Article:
Field of Greens

Exploring Grasses

"Several years ago, as part of a math unit on grids and measurement, my fourth graders grew grasses right at their desks in mini-greenhouses made from recycled plastic containers," reports Cox's Creek, KY, teacher Fred Siler. As students observed, measured growth, and cared for grasses up close (then moved the plants to the GrowLab for more light), they discussed the roles and importance of grasses to humans and wildlife.

Solar vs. Supplemental Heat

There is a distinction between greenhouses that are heated largely by the sun and those that receive supplemental heat. In all but the deep South of the United States, the sun is never directly overhead, but moves across the southern sky from east to west. Its arc is higher in the summer and lower in the winter.

Solar greenhouses are meant to maximize light and heat, and to heat with the same light used to grow.

Greenhouse Styles


Greenhouses can be either freestanding or attached to a building and come in a variety of styles. Most commercial greenhouses are freestanding structures built in exposed areas with plenty of sunlight (maximum sunlight is the most important factor for efficient plant growth).

Way-Cool Student Compost

Sure, compost is made from kitchen scraps ranging from broccoli stems to coffee grounds, but the term is usually applied to plant material once microbes have heated, then transformed it into a rich, earthy mixture. Eighth grade student Aaron Didich had another idea.

Selecting a Greenhouse

Greenhouse questions and considerations

If your school is considering building, purchasing, or resurrecting a greenhouse, there are a number of factors to consider--and questions to ask--long before you begin designing planting projects. This section highlights some of those factors.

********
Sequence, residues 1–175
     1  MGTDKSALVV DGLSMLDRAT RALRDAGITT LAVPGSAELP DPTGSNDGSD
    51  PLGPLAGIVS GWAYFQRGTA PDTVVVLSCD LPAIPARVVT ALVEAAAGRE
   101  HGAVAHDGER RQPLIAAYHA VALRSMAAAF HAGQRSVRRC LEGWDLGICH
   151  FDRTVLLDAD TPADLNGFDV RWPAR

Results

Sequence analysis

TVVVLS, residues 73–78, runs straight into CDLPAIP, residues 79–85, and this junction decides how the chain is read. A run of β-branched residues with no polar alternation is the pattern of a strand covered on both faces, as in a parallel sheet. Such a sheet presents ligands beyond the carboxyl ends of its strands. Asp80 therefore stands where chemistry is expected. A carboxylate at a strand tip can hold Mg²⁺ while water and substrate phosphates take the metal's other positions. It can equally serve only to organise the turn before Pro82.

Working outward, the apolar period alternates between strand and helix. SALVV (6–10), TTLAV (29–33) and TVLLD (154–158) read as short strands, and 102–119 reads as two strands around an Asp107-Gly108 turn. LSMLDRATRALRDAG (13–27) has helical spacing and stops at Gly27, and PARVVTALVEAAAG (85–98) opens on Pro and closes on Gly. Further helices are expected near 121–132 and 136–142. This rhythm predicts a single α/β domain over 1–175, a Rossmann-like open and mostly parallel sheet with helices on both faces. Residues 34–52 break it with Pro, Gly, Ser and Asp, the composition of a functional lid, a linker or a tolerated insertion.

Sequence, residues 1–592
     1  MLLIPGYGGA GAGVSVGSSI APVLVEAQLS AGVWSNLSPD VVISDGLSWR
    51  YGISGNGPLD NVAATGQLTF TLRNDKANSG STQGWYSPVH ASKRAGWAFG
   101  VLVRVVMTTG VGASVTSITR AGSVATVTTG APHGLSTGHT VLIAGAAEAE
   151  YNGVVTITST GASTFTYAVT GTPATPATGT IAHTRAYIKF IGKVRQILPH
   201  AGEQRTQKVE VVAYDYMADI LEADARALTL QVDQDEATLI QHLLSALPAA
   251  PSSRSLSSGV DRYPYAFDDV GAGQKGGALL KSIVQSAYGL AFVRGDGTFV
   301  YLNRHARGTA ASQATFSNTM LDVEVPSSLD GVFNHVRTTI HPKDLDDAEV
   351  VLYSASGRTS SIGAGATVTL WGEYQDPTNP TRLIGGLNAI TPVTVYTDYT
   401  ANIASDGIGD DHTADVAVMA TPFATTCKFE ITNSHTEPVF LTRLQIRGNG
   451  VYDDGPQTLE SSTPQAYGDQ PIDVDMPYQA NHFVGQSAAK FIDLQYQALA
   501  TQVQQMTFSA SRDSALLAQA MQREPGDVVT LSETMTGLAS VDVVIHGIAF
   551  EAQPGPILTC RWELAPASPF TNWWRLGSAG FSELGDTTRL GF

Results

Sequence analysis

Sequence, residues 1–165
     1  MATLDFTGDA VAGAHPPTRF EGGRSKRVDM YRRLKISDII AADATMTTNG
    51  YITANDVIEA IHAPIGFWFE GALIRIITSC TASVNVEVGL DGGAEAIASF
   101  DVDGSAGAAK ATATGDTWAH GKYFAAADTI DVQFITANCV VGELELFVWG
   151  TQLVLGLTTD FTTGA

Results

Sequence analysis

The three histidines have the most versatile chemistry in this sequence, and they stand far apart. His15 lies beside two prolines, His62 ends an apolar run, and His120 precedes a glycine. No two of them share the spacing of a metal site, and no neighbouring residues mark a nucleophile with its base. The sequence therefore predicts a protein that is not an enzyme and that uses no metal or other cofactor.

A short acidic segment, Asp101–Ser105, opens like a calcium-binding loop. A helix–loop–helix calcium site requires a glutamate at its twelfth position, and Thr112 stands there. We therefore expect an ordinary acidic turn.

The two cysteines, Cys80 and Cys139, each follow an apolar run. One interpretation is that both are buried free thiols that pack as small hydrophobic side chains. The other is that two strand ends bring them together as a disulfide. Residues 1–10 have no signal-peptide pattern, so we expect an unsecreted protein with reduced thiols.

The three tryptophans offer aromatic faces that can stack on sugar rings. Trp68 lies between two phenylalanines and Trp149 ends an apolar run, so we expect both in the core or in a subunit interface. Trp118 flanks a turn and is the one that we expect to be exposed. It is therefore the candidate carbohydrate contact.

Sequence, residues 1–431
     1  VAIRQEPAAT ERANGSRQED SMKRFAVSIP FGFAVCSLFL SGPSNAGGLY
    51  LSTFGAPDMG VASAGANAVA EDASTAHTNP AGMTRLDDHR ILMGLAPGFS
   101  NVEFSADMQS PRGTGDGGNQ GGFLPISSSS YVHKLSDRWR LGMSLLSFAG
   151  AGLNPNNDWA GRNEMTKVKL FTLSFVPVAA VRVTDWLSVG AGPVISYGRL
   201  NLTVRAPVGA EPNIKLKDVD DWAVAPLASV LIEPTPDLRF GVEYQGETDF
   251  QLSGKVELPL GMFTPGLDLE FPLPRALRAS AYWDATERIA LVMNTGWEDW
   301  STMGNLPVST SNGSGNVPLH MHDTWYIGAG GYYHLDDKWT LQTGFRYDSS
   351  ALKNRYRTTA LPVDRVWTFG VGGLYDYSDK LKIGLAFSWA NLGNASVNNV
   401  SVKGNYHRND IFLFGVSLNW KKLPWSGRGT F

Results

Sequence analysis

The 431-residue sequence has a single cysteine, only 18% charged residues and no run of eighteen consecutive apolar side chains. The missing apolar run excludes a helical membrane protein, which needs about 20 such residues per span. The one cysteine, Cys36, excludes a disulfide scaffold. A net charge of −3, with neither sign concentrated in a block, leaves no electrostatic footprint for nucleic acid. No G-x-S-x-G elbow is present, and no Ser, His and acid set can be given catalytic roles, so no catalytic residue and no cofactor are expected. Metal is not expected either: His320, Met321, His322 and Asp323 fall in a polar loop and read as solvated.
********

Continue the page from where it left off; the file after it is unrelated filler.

Your decision about the type of greenhouse will be influenced by how you plan to use it.

Planning Questions

Gather key participants in your school to answer the following questions early in the planning process:

Cultivating Writers

Inspiring Plant Stories

While literature can inspire gardening projects and investigations, growing and observing plants can also motivate students to create their own stories and tales.

Garden Tales

Growing Literature Connections

"Whenever I plan to introduce a new garden-based science unit to my bilingual third graders, I look for stories relating to the topic," explains Salinas, Ca, teacher Artemis Ledesma.

"Before sharing these stories, I have students create a chart detailing what they know, and what they would like to know, about the topic," she adds. "I then choose a book that builds on that prior knowledge, providing background information and prompting further thinking and discussion."

School Greenhouse Guide

Opening New Worlds of Growing Experiences

Introducing greenhouse gardening into the classroom enriches the curriculum

[img_assist|nid=13778|title="Through this project-based curriculum, I have seen kids begin to realize that a plant is a living thing and that what they do to that plant on a day-to-day basis matters," shares Sandy May-Fitzgerald, a special education biology teacher.

Presenting Peanuts

So, you've raised an herb or salad garden -- experienced the excitement of growing lettuce, tomatoes, and cucumbers to maturity right in your classroom. What's next? Have you considered peanuts? Although they have a fairly long growing season -- approximately 5 months -- a few humble peanut plants indoors can provide a backdrop for studying history, geography, nutrition and more.

Plants and Soil: The Nutrition Connection

Students sometimes believe that plants get their "food" from the soil. Scientists, meanwhile, understand that plants manufacture their own food -- simple sugars -- using energy from sunlight, water, and carbon dioxide from the air.

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Last updated on 09/19/2014
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